Biological effects of climate change: An introduction to the field and a survey of current research
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- CICERO Reports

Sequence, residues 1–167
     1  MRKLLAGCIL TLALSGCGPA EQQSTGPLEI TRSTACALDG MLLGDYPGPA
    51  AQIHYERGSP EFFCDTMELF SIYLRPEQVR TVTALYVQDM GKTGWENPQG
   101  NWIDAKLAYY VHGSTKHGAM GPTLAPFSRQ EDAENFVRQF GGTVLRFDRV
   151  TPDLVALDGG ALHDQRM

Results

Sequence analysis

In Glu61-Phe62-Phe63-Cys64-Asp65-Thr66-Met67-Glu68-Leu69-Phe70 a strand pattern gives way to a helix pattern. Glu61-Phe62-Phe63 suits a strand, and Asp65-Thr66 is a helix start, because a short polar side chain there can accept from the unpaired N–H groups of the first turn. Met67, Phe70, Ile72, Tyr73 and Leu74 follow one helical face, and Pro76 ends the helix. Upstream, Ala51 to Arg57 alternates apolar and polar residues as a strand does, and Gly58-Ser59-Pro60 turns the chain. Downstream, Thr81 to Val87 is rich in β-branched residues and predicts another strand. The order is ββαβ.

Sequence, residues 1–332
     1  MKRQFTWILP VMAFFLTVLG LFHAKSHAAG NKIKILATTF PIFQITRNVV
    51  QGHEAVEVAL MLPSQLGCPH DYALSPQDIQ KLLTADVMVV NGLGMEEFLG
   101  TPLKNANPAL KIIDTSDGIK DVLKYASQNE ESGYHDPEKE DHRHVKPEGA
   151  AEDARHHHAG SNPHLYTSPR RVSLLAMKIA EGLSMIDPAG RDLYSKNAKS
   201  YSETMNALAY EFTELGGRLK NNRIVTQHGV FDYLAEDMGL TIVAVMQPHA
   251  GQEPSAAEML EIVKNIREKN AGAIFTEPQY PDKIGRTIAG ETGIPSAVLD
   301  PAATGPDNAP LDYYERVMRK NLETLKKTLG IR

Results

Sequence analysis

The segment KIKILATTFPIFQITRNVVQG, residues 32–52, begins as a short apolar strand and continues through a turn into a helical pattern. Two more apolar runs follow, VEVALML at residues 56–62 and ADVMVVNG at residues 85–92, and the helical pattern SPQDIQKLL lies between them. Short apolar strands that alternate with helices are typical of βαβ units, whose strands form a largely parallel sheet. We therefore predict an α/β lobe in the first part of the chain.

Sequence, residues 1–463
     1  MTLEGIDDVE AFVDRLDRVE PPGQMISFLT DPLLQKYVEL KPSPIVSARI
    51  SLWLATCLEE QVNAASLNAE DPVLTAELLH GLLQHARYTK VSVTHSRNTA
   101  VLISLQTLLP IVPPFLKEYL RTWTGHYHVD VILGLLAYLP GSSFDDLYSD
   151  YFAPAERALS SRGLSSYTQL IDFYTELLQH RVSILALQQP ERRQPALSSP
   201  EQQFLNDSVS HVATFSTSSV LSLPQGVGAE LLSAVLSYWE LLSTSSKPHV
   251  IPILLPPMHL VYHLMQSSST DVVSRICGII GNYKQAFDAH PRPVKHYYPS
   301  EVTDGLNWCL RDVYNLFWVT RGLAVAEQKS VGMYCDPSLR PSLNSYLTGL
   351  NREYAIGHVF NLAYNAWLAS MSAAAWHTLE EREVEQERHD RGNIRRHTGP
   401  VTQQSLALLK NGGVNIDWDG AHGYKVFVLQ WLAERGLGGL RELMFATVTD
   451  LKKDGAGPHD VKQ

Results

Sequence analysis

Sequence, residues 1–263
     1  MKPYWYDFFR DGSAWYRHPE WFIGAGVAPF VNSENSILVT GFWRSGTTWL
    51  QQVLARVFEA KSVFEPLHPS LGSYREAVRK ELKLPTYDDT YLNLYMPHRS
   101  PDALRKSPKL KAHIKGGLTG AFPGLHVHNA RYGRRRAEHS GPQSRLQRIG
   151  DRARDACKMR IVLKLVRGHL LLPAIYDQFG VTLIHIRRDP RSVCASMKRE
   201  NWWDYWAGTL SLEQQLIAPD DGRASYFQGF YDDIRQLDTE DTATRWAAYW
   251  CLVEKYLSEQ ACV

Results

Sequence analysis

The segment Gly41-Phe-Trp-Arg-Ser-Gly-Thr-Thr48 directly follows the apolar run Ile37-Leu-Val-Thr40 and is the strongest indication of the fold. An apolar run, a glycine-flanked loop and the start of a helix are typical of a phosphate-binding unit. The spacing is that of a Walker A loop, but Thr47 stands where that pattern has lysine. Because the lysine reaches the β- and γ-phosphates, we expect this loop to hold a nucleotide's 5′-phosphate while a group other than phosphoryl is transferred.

This report presents a survey of international (Chapter 2) as well as national research activities within 13 selected countries (Chapter 3) in the field of biological effects of climate change. In addition, a brief overview of potential changes within natural ecosystems in response to climate change is given (Chapter 1). This part is intended to serve as a quick introduction for biologists who lack previous experience with the whole or parts of the field of climate change impact studies. The ultimate goal of this work is, through the information in this report, to contribute to the avoidance of unnecessary research duplication and promote scientific cooperation. The overview in Chapter I is based on a projected doubling in atmospheric CO2 and a temperature elevation of approx. 0.3 degrees Celsius per decade over the next century. The exact magnitude of these changes is of less importance than the highly probable fact that they will occur. At the level of individual plants, well documented responses to CO2 increase include an enhanced photosynthetic rate, a higher water use efficiency, increased relative root size, and increased tolerance to air pollutants. Elevated temperature will affect all living individuals. The immediate responses are likely to be most pronounced among plants and poikilothermic animals, because their physiological processes proceed at a rate dependent on ambient temperature. The relation between plant and animal physiology and temperature is a classical field of study, and today we benefit from the vast amount of literature which has been produced in the field. There is, however, a general lack of long-term studies. The ultimate fate of individuals and species depends upon the responses of other organisms. Among second order effects related to elevated CO2, it is focused on interactions between herbivores and plants. High CO2-grown foliage may be consumed at higher rates due to a lowered N-content. Furthermore, it is well documented that C3 and C4 plants react differently to elevated atmospheric CO2. This illustrates the very important point that the responses to climate change differ between species. The concept of differential reactions from changes in climate in general is discussed in relation to effects on ecological interactions, with particular reference to competition, predation and parasitism. The ultimate outcome of climate changes at the ecosystem level depends upon the system's ability to adapt and the species' dispersal ability. Most studies suggest that time and genetic variability are insufficient for evolution to occur, and that the major response will be migration. It is likely that the already alarming rate of extinction that we for several reasons experience today, will be magnified. Plant material grown at elevated CO2 is likely to decay slowly because of its high lignin and low N-content. On the other hand, the overall turnover rate of organic material generally increases with temperature. Throughout Chapter 1, indications of the terrestrial plants as an important dynamic element in the carbon cycle are made. Whereas some factors tend to enhance biomass accumulation (e.g. increased photosynthetic rate due to elevated CO2), others indicate the opposite (e.g. increased herbivore load due to lowered nutritional value of high CO2 grown foliage). There are indications that the terrestrial biosphere may act as a sink for carbon. This is still a controversy, however. Chapter 1 ends with a brief discussion regarding potential effects on marine ecosystems. It should be noted that the major biological effort within marine climate change research apparently has been directed towards the potential feedbacks to the climate system, rather than on impact studies. 'Re general mechanisms discussed for terrestrial ecosystems also apply for oceans. This section concentrates on potential effects of changes in surface temperature and ocean circulation and mixing pattern, with particular reference to productivity and community composition. Special attention is paid to the arctic ecosystem, because the changes are likely to be most pronounced at high latitudes, and because of the particular importance of the dynamics of sea ice. Altogether, this report, together with several other recent studies, emphasises the need for long-term whole-ecosystem studies. The major international programs which include studies related to potential biological effects of climate changes are presented in Chapter 2. The largest collective effort on the terrestrial side is probably within Global Change and Terrestrial Ecosystems (GCTE, an IGBP Core Project). Apart from the GCTE it seems that biological effects are commonly included in programs with broader scopes, often with emphasis on the physical aspects of the climate system. This is particularly true for programs addressing marine ecosystems. The descriptions of individual programs are generally introduced by their overall objectives and aims, before emphasis is put on the parts relevant for biological effects. The general impression of the undersigned may thus not be reflected, namely that the biological sciences lag behind the other natural sciences in terms of general effort and resources. However, the attention devoted to biological impact studies appears to be increasing. An overview of research on biological effects in 13 selected countries is given in Chapter 3. All in all, due to the high number of programs/projects presented in this report, each description is quite brief. Therefore, an extensive list of contacts is given in Appendix B (for both Chapters 2 and 3). With the purpose of providing a quick reference, a complete list of project titles from the national survey is given in appendix C. Altogether, Chapter 3 presents more than two hundred projects. The majority of these have not yet resulted in published articles. Hence, there should be strong probabilities of locating new, interesting activities.